Review: Our Lifeline (2002)

What struck me most about Our Lifeline, an actually pretty good espionage thriller with a couple of cute twists in its tale, was how old the film looked. I sat through Part 1, which clocked in at around 1 hour 20 minutes and wondered when this film was made. Obviously judging by the aesthetics it had to be around the 80s, but when I couldn’t be certain.

Jo Yun Chol looking thoughtful

After searching and wikipedia to no avail, I googled it and was genuinely shocked to find it was made in 2002. Of course, it was set in 1950 but the framing sequences at the beginning and end took place in “modern times” and it still looked like a film from times past.

The plot follows that of an idealistic school teacher who was orphaned during the Japanese occupation of Korea. When approached by the intelligence bureau and asked to join the course to help protect Kim Il-sung, Jo Yun Chol is at first aprehensive, but after realising that “… safeguarding our national leader is our lifeline” he joins the good fight.

The action sequences are (reasonably) well staged. When I get around to learning how to edit videos I’ll upload it to youtube because it’s something to behold.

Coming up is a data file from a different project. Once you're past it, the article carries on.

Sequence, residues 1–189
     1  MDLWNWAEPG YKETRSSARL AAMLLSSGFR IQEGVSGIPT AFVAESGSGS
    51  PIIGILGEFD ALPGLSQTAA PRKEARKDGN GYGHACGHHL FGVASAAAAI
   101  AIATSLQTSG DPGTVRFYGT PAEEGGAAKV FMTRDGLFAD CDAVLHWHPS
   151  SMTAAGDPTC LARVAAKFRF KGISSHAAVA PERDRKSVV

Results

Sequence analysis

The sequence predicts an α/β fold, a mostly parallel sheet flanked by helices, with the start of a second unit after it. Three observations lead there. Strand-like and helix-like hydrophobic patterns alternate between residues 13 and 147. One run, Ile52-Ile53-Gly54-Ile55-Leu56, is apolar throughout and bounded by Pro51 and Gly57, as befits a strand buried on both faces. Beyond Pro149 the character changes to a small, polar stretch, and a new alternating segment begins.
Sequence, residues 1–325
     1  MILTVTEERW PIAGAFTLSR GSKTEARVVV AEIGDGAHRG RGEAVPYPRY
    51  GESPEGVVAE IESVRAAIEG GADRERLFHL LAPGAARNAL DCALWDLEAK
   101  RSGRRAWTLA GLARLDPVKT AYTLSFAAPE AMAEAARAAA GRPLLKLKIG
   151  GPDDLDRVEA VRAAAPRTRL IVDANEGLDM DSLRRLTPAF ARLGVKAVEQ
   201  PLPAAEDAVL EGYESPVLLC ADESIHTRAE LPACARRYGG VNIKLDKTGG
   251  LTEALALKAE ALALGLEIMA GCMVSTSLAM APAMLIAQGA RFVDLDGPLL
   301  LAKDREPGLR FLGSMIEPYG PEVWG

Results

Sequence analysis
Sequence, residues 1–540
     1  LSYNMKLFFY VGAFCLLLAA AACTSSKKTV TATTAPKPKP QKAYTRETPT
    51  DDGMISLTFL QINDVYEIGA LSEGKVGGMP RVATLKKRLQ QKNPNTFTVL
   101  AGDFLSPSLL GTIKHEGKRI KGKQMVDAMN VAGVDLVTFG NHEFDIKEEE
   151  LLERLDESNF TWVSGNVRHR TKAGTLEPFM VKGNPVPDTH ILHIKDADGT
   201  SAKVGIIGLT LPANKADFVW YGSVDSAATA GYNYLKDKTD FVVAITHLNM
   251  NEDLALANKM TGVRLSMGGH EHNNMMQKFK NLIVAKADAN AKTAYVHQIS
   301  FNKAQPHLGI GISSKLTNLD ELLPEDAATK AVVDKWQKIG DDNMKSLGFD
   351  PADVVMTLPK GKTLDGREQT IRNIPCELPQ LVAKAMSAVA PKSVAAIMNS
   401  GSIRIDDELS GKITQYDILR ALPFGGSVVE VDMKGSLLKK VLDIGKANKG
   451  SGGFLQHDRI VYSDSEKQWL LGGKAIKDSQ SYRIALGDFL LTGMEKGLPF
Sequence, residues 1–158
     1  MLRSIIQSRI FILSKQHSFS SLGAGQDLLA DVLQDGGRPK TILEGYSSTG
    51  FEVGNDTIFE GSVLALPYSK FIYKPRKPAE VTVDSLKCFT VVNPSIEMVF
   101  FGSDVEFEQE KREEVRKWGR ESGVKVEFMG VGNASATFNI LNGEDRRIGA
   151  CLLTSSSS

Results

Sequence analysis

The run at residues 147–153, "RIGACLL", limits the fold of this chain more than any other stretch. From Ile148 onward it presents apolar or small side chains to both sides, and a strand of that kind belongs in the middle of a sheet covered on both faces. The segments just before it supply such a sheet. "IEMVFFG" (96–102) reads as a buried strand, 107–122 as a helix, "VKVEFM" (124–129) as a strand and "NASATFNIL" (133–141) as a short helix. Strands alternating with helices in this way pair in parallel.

The rest of the action makes for a reasonably sophisticated film, where the characters are developed beyond a two-dimensional level – Yun Chol (played by the dashing Rim Yong Ho) is a doe-eyed and honourable servant to the cause, but he is still troubled by a duty to the woman he wants to marry and her family.Kim Thae Son is the leader of a rebel faction looking to assassinate the deputy director of the intelligence bureau, and there in lies the exposition. This film actually ranks up there as one of the best North Korean films I’ve seen. Part 2, which is available in DVD, will surely tie up the remaining loose ends which the film leaves, and I have to admit I’m willing to give it a go.One strange footnote, in the book Korean Film Art, there is a whole section dedicated to espionage and counter-espionage thrillers. As I delve further and further into North Korean cinema I can imagine I’ll see a lot more of this type of movie pop up…

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